"It's the plain truth: without Richard Parker, I wouldn't be alive today to tell you my story."Pi
Life of Pi's extraordinary tale of a shipwrecked young Indian boy, who spends months floating at sea across the Pacific Ocean, is one of literature's most absorbing journeys.
What's more, that boy made that journey with an Orangutan, a Zebra, a Hyena, and a fully grown Bengal Tiger named Richard Parker.
When one picks up Life of Pi, there isn't much that can prepare you for the expansive adventure waiting within—an adventure that'll take you through exotic locations and spiritual musings.
Although Pi's journey is at the center of the story, the book makes it clear from the outset that he survives. This narrative structure makes the story more interesting because the driving question isn't "Does he survive?" but rather "How does he survive?"
We read the older Pi's account of his journey as he relays it with a sense of emotional guard—because even though we know he lives to tell the tale, the fates of everyone else in the story are uncertain.
Let's dive in a little deeper and explore what exactly makes Life of Pi not just an engrossing story, but an all-time literary classic.
Life of Pi's Embrace of Spirituality
Pi the character is fascinating long before he boards the doomed ship to Canada. The book spends a great amount of time carefully bringing across his deepest beliefs to the reader, without any judgment toward the reader for their own specific beliefs.
Pi's personality is formed by his belief in a multitude of religions as he comes to love the spirituality of life at a young age. His family, too, are bound by it in different ways: while his mother has a more traditional Indian spiritual outlook, his father comes across as a strong atheist.
Throughout Pi's childhood, the book builds up his relationships with his family. And while there are difficulties, it shows that his love for them is as deep as their love for him.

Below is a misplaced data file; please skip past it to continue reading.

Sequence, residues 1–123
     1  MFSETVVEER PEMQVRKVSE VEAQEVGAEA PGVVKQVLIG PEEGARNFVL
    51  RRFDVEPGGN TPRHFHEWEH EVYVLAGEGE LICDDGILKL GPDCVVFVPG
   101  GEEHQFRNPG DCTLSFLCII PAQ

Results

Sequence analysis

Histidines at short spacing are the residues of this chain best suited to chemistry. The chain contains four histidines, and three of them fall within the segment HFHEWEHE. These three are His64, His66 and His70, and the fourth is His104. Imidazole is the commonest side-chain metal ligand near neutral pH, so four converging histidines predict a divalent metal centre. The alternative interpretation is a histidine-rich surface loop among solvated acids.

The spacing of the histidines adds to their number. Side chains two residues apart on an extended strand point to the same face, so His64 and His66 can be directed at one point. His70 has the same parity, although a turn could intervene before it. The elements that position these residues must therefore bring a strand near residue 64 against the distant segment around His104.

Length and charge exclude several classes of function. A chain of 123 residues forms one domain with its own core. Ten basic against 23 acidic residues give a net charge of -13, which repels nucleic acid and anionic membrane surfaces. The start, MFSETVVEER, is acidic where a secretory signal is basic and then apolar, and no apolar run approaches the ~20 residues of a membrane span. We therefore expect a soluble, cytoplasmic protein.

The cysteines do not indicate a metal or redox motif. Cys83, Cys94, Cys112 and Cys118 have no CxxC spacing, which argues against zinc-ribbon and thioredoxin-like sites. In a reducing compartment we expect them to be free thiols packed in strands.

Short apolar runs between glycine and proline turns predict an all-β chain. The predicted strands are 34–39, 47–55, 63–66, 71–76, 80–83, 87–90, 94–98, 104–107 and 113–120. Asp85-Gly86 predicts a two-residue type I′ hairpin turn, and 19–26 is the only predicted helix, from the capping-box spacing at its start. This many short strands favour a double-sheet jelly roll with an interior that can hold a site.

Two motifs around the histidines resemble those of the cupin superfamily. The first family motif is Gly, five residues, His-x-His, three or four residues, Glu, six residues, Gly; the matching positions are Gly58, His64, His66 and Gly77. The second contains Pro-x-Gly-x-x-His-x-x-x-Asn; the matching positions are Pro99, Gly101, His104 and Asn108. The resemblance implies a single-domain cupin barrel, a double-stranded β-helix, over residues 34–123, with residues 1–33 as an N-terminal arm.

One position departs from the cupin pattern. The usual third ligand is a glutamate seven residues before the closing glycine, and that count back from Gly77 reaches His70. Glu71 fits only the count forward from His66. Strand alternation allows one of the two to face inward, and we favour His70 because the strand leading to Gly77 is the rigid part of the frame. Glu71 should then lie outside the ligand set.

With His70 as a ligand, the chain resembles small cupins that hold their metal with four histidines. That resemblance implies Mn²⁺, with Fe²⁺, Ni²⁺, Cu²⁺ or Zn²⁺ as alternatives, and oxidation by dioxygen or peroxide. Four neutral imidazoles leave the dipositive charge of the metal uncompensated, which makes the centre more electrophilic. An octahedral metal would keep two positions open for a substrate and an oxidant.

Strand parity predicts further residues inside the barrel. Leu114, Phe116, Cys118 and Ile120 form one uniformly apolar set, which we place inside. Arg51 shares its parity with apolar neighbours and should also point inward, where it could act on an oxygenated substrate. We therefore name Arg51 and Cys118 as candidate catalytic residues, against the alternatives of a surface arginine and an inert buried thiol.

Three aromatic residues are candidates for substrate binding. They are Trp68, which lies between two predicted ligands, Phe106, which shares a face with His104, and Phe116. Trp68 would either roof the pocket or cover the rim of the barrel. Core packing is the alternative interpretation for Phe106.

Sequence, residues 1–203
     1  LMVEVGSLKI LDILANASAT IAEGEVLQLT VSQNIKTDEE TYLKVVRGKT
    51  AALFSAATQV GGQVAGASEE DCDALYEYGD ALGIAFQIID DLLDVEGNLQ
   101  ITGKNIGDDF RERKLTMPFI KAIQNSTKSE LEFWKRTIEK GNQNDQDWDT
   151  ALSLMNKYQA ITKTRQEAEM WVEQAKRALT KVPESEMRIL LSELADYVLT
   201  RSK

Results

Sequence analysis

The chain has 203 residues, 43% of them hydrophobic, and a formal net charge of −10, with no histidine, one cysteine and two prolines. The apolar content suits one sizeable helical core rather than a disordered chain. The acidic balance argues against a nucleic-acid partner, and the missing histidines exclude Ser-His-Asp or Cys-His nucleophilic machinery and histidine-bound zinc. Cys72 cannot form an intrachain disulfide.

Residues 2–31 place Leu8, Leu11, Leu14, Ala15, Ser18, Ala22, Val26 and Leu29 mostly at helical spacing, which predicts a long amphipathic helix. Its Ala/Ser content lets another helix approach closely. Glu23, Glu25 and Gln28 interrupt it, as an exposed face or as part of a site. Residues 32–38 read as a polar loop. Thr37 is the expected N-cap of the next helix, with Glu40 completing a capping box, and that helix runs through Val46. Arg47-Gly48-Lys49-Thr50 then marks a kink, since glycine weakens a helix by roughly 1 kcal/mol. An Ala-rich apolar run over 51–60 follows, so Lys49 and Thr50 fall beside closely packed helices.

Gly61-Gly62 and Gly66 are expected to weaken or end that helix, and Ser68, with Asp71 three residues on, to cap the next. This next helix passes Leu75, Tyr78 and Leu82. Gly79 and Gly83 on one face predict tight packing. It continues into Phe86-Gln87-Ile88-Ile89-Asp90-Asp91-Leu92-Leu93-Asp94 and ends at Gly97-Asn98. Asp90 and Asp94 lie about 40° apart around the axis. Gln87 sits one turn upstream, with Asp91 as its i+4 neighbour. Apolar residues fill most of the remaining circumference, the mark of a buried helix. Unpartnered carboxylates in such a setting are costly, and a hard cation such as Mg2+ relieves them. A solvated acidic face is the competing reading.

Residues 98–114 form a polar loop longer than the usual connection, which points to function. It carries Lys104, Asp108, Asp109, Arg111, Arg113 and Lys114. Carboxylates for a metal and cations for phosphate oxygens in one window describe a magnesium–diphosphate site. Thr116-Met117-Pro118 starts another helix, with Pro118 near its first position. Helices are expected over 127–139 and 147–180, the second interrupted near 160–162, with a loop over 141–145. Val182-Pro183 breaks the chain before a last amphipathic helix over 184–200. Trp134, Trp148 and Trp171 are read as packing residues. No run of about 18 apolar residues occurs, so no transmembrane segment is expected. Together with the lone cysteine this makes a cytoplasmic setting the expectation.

By the time Pi's fated drift-across-the-ocean journey comes to pass, it's his spirituality that holds him together. It's hard not to get lost in Pi's story because it has so many strong connections to love and faith, which makes Pi a deeply empathetic character.
Life of Pi's Central Themes
Life of Pi is a book filled with strong religious subtext, but religion isn't the central theme of the book. When Pi's ordeal comes to an end, the reader comes to realize that hope is the most powerful emotion.
As a character, Pi held out hope every day that he and Richard Parker would find their way back to the world. As a reader, you hope that Richard Parker won't perish as Pi's only companion—and, in many ways, only reason to survive.
The weight of loss is another key theme that comes across potently within the book's pages. When the ship inevitably sinks, Pi loses his whole family—but there isn't much time for Pi to mourn as his epic journey has just begun and it's wrought with peril.
It's only at the end—when Pi lays on the beach, finally ashore but unable to move from weakness—that the weight of everything he just went through hits him with an emotional knockout.
As the older Pi tells us of those moments, we're one with him. We too have felt his journey's pain, his personal sufferings, and the love he has for Richard Parker.
Pi's Relationship With Richard Parker
We're hard-pressed to name a single literary relationship between man and animal that's more complex and visceral than the incredible relationship between Pi and Richard Parker.
As Pi awakens and realizes that he's on a lifeboat with an Orangutan, a Hyena, and a Zebra, he's immediately faced with a problem: the Hyena is a carnivore and it won't lay idle while hungry.
When the Hyena begins to kill the other animals on the boat, it inevitably goes after Pi—and ends up instantly overwhelmed by the Bengal Tiger that was hiding under one-half of a tarp.
Richard Parker and Pi are then left on the boat by themselves, and now Pi has a much larger problem before him. Yet as the days and months go by, Pi and Richard Parker's relationship changes dramatically.
Pi's efforts to train the Tiger are successful to some degree. But it's not just training—it evolves past that. As the pair drift on, there's a connection between them that reaches the reader.
Pi's fear of Richard Parker is gone after a point, and both he and the reader know that the Tiger will not do him any harm. This is why Richard Parker's last moments with Pi are so devastating.
Their relationship is a reflection of many relationships that we've had, or will have, as readers. And when Pi weeps, we weep with him because we understand what that relationship truly means.
Why You Should Read Life of Pi
Life of Pi is a book for everybody, no matter where you're from or what you believe. The story offers multiple explanations for Pi's account of events—and those who wish to believe the alternate state of affairs will marvel at the use of potential allegory.
In the end, Pi's journey is a book that few will ever forget reading because it so potently attaches itself to one's emotions and holds your attention long after finishing the book.